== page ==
BlackBerry QNX self-driving car hits the road in the first Canadian street test
People watch as an autonomous car drives down an Ottawa street as the City of Ottawa and Blackberry QNX demonstrate the vehicle, Thursday, October 12, 2017, in Ottawa. (THE CANADIAN PRESS/Fred Chartrand)
Craig Wong, The Canadian Press
Published Thursday, October 12, 2017 3:10PM EDT
Last Updated Thursday, October 12, 2017 4:06PM EDT
OTTAWA -- A BlackBerry QNX-equipped self-driving car hit the road in suburban Ottawa Thursday in what was billed as the first on-street test of an autonomous vehicle in Canada.
The grey Lincoln MKZ pulled away with Ottawa Mayor Jim Watson, councillor Marianne Wilkinson and John Wall, general manager of BlackBerry QNX, aboard.
BlackBerry QNX opened an autonomous vehicle innovation centre in Ottawa late last year.
"Today is the first public fruits of what we've been doing," Wall said.
The street was closed for the public demonstration, which attracted scores of people, but the car is expected to be operating on city streets in the test area amidst real traffic and pedestrians.
To aid in the demonstration, the test loop around the suburban technology park has been upgraded with traffic lights equipped with transmitters that communicate with the car as well as repainted street lines and new LED street lights.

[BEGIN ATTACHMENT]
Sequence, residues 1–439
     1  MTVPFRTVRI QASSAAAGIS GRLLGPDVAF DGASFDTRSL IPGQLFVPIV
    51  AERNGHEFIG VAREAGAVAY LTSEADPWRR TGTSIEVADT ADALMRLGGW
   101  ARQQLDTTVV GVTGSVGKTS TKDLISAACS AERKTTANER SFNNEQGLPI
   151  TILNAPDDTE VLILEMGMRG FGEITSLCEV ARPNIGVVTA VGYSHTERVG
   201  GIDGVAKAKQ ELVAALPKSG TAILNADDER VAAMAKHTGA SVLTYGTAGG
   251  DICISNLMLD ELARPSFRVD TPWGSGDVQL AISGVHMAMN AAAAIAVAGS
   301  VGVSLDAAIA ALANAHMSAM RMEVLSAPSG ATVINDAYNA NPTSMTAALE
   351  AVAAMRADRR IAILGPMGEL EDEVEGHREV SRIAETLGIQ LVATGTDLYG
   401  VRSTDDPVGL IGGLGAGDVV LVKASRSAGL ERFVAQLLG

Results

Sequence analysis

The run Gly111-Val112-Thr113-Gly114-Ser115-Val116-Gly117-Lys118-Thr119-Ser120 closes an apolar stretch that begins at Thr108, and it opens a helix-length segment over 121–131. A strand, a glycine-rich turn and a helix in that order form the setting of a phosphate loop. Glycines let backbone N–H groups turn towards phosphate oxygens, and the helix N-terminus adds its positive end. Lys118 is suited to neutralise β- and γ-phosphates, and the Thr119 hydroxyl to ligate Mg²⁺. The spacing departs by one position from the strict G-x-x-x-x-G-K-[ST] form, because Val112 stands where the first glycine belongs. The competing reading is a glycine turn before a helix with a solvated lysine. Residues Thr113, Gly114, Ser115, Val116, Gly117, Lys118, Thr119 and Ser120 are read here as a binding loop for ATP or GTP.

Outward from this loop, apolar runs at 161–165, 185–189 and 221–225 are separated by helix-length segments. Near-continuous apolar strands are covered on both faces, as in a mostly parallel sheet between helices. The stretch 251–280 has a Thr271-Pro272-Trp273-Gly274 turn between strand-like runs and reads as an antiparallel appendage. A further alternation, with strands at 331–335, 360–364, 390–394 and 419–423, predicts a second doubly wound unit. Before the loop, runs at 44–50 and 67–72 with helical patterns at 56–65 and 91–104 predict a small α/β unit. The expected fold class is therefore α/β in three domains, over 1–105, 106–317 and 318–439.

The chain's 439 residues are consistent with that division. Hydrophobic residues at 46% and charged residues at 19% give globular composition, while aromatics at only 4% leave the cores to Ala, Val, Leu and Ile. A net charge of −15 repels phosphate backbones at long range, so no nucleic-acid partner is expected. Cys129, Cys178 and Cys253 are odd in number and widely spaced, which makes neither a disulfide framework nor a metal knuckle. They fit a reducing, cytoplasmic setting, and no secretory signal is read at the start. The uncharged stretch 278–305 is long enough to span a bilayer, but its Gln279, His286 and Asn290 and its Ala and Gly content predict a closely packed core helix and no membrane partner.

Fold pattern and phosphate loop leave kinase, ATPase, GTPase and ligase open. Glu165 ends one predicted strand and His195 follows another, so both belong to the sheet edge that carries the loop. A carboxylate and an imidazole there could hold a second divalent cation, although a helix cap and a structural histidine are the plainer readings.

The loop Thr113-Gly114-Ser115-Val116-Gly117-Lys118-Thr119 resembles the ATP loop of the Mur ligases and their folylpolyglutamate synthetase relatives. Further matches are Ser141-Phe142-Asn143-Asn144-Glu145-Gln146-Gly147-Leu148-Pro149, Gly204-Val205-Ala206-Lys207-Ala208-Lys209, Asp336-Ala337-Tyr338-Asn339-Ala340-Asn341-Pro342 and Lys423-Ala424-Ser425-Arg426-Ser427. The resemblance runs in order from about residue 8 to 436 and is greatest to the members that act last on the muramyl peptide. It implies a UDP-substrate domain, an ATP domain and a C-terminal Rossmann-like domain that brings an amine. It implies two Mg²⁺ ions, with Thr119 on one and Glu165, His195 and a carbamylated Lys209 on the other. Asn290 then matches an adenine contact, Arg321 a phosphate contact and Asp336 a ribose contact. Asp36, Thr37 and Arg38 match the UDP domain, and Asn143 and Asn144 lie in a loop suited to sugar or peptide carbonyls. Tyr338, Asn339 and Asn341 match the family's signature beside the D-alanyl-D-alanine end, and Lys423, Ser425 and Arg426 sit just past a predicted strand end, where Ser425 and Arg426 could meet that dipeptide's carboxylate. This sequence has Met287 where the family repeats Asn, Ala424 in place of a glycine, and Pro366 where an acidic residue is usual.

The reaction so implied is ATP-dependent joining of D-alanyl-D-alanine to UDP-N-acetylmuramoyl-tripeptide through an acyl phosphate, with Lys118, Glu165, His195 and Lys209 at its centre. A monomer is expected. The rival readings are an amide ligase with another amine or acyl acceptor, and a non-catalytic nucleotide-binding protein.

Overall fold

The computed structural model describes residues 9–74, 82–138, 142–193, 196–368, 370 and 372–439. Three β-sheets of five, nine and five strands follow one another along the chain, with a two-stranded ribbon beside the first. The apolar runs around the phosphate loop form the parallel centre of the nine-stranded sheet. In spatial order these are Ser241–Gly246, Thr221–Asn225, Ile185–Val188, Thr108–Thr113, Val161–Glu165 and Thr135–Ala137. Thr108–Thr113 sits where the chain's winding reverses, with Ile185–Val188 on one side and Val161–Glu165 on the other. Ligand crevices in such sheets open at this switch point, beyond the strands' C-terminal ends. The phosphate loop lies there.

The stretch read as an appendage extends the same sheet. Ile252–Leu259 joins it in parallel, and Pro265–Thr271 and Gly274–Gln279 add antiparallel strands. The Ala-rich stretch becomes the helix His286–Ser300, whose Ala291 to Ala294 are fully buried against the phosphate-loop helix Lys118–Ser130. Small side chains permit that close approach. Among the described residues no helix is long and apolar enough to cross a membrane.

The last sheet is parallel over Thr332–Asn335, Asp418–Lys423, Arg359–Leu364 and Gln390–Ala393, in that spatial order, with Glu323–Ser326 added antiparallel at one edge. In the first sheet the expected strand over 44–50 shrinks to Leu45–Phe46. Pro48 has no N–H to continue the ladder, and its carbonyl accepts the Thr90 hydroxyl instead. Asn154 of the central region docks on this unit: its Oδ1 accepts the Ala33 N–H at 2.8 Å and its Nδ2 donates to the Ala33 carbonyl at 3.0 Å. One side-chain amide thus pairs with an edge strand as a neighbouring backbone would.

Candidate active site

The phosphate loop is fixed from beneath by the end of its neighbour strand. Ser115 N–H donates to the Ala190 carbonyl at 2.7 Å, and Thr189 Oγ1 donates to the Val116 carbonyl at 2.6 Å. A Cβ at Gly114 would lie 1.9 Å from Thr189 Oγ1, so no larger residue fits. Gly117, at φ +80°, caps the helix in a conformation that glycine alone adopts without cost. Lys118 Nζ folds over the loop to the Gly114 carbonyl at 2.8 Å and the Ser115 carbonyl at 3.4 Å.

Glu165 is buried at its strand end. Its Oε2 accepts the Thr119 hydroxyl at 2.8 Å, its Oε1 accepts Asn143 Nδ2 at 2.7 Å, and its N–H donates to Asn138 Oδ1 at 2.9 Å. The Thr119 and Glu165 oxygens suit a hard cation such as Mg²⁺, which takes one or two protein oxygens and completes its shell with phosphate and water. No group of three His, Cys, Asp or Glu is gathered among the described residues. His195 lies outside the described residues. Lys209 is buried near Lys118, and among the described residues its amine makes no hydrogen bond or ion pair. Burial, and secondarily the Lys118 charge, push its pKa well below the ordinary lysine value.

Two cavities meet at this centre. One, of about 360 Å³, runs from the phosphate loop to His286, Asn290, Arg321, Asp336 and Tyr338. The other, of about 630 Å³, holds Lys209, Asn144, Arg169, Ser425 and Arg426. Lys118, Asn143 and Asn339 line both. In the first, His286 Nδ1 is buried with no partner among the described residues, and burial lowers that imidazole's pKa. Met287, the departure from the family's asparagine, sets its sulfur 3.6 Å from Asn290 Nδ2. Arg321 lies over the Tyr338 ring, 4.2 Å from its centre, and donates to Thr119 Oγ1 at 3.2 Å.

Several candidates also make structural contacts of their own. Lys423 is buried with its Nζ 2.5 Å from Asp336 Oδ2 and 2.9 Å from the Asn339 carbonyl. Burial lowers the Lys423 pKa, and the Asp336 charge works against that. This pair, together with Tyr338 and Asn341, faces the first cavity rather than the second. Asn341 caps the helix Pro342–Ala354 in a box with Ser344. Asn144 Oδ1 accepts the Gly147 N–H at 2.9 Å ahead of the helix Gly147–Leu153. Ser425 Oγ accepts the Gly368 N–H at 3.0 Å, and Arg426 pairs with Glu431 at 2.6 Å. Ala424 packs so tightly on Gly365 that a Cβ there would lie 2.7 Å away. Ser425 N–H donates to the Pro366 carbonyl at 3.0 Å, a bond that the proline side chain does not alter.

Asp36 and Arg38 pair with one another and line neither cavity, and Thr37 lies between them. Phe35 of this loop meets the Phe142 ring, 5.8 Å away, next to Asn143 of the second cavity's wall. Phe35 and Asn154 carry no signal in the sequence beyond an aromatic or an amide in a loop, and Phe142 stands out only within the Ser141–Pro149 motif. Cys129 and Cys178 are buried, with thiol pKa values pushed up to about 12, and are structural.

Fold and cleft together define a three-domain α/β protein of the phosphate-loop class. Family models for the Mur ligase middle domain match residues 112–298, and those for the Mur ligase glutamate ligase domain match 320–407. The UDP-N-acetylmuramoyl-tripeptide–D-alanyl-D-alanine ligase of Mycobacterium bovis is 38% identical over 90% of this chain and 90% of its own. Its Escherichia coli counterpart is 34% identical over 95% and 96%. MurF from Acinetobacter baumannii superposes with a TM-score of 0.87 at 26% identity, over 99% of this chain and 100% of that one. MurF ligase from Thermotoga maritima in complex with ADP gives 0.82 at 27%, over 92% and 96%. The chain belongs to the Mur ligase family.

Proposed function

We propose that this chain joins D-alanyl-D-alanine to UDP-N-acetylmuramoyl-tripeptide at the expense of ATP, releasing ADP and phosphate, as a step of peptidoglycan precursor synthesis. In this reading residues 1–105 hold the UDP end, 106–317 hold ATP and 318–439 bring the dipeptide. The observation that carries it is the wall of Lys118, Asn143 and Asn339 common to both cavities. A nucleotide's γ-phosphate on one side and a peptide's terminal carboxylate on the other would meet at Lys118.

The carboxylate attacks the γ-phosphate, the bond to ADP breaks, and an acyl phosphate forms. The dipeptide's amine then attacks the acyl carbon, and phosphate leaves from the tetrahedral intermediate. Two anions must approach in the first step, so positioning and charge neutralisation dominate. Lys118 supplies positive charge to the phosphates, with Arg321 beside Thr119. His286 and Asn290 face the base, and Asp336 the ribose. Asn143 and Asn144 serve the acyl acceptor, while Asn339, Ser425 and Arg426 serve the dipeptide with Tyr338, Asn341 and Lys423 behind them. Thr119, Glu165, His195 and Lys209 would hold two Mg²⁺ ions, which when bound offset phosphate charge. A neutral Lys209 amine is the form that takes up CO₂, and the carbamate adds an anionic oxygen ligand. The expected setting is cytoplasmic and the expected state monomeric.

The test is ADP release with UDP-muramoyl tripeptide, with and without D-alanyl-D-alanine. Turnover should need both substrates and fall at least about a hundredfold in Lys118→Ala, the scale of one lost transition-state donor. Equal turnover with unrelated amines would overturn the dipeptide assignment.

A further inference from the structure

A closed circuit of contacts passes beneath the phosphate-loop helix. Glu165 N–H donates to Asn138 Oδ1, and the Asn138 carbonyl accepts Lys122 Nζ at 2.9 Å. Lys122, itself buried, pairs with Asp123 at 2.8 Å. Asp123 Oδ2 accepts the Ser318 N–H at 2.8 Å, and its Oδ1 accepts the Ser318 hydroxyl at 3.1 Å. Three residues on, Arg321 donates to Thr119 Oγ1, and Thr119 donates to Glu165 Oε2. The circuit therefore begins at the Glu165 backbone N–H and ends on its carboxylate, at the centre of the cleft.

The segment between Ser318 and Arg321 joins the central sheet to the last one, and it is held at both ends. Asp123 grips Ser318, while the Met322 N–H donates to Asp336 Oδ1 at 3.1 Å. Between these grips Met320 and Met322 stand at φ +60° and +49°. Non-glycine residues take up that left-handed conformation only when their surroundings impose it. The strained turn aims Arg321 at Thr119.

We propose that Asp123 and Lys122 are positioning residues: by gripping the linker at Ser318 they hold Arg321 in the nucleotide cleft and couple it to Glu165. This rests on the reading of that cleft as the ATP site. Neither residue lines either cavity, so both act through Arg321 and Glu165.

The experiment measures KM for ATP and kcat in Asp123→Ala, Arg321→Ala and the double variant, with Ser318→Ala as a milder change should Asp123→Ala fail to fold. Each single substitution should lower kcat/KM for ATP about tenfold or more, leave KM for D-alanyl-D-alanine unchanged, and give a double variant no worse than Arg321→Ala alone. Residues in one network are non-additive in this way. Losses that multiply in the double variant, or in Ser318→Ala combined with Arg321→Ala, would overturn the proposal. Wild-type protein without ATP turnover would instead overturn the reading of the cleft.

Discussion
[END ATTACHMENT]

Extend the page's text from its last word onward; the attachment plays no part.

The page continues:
BlackBerry QNX is developing the software foundation for autonomous vehicles, while Wall said others are working on what he called "the brain."
"In a lot of cases, the OEMs want to own that, so the Fords of this world, the Mercedes of this world, that's their secret sauce, they're going to build the brain," he said.
"We're going to provide all the infrastructure, the security, the safety, the redundancy, the communication, how the signals come in."
Wall said fully autonomous cars without a steering wheel are still a long way off, but he added that cars are already incorporating some of the technology such as sensors that will keep your car in its lane, hit the brake if they think you are going to hit something or detect another car in your blind spot.
Automotive and technology companies around the world have been racing to develop self-driving systems.
A demonstration test zone has been announced for Stratford, Ont., as part of the Ontario government's plan to create an Autonomous Vehicle Innovation Network, with the help of $80 million over five years.
Canadian auto parts firm Magna International Inc. (TSX:MG) announced earlier this week that it would join BMW and Intel Corp. to develop a self-driving system for the global vehicle marketplace by 2021.
Several companies including Uber and Waymo, which was spun out of Google's parent company, Alphabet Inc. last year, have been testing self-driving cars on city streets in the United States.
Uber briefly suspended its self-driving fleet last month after a car collided with a self-driving Uber SUV.
BlackBerry QNX has been a supplier of software platforms to the auto industry for 20 years including telematics, infotainment, acoustics, and instrument cluster systems.